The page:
Cold Email Overload
If you are in procurement, you get so many cold emails from suppliers looking for business, it becomes very easy just to delete them all. It can become the bane of your existence.
Every once in a while though, I’ve come across some killer cold emails. Enough so, that they’ve even had me responding (even if I didn’t have a need).
And I’ve been asked the question more than one time by the supplier side to explain what made me actually respond. So, I thought it would be useful to write a blog around writing a cold email that elicits a response.
Writing a Killer Cold Email
Rule #1 – Keep it short
I’m sure you have the best product or service in the world. And I’m sure there is lots of information you’d like to tell me about this product. But, guess what?
I’m not going to read through an email (especially a cold one) that is as long as war and peace. It’s just not going to happen. This is the digital age, and we all have attention spans of gnats. So for the love of sweet Jesus, keep it short and to the point. Otherwise, you can guarantee it ends up in the trash bin.
Rule #2 – Introduce yourself
We don’t know each other, so please don’t act as if we do (that’s annoying too). So please give yourself a brief introduction!
Have a link to your LinkedIn/YouTube/Twitter profile while you are at it. The more one knows about you, the more likely they are to respond to your emails.
Rule #3 – Have Personality / Be Relatable
Love badminton? Planning to climb Mt. Everest? Then work it into your cold email (even if it’s at the end). Most people do business with others or give them a chance simply because they like them.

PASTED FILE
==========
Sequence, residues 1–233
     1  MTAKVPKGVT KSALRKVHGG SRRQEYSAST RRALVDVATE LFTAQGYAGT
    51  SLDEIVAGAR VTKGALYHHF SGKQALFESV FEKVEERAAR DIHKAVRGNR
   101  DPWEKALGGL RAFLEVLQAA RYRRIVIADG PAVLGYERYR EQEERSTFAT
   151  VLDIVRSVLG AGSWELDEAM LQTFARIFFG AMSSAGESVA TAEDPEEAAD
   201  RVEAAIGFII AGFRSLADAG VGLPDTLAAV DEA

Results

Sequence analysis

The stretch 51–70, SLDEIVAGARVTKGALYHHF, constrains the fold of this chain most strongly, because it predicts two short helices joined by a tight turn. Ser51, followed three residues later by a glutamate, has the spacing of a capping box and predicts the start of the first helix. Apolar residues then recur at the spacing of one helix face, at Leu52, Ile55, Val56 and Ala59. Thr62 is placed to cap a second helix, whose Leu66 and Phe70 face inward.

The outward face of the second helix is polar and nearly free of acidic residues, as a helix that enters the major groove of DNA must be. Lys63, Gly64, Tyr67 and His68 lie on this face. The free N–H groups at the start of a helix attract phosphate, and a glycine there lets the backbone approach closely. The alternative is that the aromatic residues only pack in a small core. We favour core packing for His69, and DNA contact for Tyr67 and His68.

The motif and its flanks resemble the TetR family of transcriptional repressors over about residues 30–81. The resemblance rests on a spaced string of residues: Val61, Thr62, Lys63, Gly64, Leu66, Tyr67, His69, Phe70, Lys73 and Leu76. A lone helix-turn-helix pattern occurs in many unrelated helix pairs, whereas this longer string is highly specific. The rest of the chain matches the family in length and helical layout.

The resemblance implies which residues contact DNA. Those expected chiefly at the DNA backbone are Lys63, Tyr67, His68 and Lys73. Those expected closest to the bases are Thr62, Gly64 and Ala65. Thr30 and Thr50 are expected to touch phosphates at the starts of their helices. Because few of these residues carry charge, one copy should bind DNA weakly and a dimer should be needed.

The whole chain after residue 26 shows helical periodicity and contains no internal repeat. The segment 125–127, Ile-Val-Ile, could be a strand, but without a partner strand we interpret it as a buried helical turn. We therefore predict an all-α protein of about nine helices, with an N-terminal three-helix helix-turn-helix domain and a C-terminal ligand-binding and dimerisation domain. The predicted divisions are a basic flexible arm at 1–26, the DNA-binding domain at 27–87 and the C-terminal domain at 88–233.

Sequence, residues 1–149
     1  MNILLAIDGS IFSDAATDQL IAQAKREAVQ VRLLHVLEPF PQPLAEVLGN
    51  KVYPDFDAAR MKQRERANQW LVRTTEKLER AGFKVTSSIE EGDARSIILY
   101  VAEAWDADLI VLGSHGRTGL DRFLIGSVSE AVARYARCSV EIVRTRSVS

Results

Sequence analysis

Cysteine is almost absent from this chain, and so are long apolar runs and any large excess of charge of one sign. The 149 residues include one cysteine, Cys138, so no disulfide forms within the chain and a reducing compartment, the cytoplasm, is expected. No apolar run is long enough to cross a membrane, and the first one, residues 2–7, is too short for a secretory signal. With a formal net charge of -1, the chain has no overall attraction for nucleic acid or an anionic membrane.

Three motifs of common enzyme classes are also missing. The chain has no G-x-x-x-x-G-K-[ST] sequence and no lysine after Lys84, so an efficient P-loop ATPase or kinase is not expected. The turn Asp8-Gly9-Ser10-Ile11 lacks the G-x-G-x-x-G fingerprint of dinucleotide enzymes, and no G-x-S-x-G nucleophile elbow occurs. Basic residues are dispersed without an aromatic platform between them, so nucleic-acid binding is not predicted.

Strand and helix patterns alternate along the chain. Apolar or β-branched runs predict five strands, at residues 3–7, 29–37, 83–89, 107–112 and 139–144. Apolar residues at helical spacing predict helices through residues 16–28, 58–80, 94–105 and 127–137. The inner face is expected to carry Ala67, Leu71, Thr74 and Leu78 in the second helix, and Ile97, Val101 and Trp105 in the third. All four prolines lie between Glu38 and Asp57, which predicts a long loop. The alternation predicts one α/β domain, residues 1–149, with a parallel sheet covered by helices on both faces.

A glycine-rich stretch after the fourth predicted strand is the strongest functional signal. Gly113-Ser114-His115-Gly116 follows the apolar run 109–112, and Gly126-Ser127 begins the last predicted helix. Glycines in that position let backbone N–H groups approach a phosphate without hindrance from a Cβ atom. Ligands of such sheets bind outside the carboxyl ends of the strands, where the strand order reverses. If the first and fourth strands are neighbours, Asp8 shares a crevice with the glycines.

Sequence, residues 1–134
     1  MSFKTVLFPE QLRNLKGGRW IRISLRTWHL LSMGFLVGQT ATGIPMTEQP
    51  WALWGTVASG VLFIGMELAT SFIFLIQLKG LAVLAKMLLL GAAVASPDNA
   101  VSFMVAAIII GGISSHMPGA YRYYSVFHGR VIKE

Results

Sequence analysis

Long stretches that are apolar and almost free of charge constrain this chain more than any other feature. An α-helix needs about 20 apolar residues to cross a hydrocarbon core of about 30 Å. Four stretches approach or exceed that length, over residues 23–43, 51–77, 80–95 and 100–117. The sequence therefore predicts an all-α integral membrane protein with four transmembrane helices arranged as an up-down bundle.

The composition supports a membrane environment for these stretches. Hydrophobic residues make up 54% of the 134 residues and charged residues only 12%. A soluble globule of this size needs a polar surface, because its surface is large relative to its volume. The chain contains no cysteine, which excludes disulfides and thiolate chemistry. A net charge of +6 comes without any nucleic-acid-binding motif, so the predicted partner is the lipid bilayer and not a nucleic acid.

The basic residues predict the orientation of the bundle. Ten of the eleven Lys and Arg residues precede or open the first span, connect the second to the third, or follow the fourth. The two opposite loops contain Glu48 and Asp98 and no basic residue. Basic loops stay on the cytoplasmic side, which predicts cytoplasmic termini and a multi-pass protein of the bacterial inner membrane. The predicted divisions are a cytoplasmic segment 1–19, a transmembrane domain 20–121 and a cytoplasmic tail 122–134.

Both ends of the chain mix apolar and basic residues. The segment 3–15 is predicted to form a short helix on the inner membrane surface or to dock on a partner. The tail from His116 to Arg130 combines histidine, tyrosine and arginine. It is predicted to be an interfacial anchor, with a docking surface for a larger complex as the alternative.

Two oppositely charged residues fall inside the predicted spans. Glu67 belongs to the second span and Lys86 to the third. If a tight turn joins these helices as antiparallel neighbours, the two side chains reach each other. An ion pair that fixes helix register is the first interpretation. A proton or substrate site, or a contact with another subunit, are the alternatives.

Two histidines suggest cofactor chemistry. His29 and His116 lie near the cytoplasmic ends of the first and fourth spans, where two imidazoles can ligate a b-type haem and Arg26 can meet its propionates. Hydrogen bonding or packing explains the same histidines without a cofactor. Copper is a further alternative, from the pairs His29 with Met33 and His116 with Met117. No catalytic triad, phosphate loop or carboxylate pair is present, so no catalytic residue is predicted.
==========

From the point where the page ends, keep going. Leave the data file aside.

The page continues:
Or in the least, have something to have a common ground. I may not need your service now, but I may want to talk to you about running a marathon through Antarctica. Which can always lead back to other things.
Rule #4 – What’s in it for me? Offer me/give me something for free.
I’m ten times more likely to answer an email if there is something free for me (Think WIIFM).
If you have proprietary industry whitepaper or benchmark information you can give me – you will have my undivided attention. The possibilities are endless for free, valuable, yet non-tangible (and non-taxable) stuff that can get your foot in the door.
Rule #5 – Attach a video link/capabilities presentation
Do you know what I don’t have? A lot of time. Especially not enough to meet with every person who sends me a cold email.
But do you know what I do have? Time to take a quick look at a capabilities presentation, quick video, or short podcast. Because guess what is going to be the first question when I do answer your email.
Rule #6 – Tell me what differentiates you from your competition
If you have something that sets you apart from your competitors, tell me about it (and any potential benefits). It could be your golden ticket.
Rule #7 – Flattery works.
Mentioning my last blog, podcast, or speaking event always catches my attention. Even if you didn’t like it or didn’t agree with it.
Cold-Emails Big No-Nos!
1. DO NOT, and I repeat, do not continue sending me over and over the previous email(s) you have sent me. I saw them the first time and decided not to respond. By you highlighting this fact does nothing but validate why I didn’t want to talk to you in the first place.
2. Snarky or snotty tones for a lack of a response will elicit an immediate blocking. Especially if you say something to the effect of, “well since I haven’t heard back from my other 10 emails, this will be my final one.” Because yes, yes it is your final one.
3. Don’t expect me to be your messenger / figure out the right contact for you. If you’re not sure if I’m the right contact, then do some homework and figure out who is! PLEASE don’t ask me to forward it to the right person.
4. Copy & Paste Emails. Just don’t do it. It’s transparent AND annoying. But it is funny when you copy and paste it with the last person’s name still in it!
5. Don’t call me, I’ll call you. Do you know what I hate even more than cold emails? That’s right, cold calls. It’s the reason why procurement professionals will never answer a phone call if they don’t know who is calling.
6. Ridiculous subject lines. Nothing screams “spam” and “delete me”, like an over-the-top subject line. Spend some time on it, and make it personal instead.
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